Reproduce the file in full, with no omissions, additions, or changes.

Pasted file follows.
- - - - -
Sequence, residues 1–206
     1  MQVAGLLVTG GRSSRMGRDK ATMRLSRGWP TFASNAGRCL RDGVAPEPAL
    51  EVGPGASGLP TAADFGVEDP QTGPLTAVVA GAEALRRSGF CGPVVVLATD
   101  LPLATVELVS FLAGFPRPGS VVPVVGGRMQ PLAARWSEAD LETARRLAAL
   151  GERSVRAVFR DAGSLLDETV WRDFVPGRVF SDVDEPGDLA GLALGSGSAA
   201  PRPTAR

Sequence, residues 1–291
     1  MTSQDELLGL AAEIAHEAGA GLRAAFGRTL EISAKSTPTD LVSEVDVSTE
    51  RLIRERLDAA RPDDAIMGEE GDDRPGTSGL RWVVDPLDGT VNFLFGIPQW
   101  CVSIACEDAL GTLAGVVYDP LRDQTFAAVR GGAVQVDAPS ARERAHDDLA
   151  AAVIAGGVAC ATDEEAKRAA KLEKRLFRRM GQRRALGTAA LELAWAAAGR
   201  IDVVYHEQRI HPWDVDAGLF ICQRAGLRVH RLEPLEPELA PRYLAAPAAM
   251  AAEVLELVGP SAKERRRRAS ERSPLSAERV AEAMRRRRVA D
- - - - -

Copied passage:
Sequence, residues 1–206
     1  MQVAGLLVTG GRSSRMGRDK ATMRLSRGWP TFASNAGRCL RDGVAPEPAL
    51  EVGPGASGLP TAADFGVEDP QTGPLTAVVA GAEALRRSGF CGPVVVLATD
   101  LPLATVELVS FLAGFPRPGS VVPVVGGRMQ PLAARWSEAD LETARRLAAL
   151  GERSVRAVFR DAGSLLDETV WRDFVPGRVF SDVDEPGDLA GLALGSGSAA
   201  PRPTAR

Sequence, residues 1–291
     1  MTSQDELLGL AAEIAHEAGA GLRAAFGRTL EISAKSTPTD LVSEVDVSTE
    51  RLIRERLDAA RPDDAIMGEE GDDRPGTSGL RWVVDPLDGT VNFLFGIPQW
   101  CVSIACEDAL GTLAGVVYDP LRDQTFAAVR GGAVQVDAPS ARERAHDDLA
   151  AAVIAGGVAC ATDEEAKRAA KLEKRLFRRM GQRRALGTAA LELAWAAAGR
   201  IDVVYHEQRI HPWDVDAGLF ICQRAGLRVH RLEPLEPELA PRYLAAPAAM
   251  AAEVLELVGP SAKERRRRAS ERSPLSAERV AEAMRRRRVA D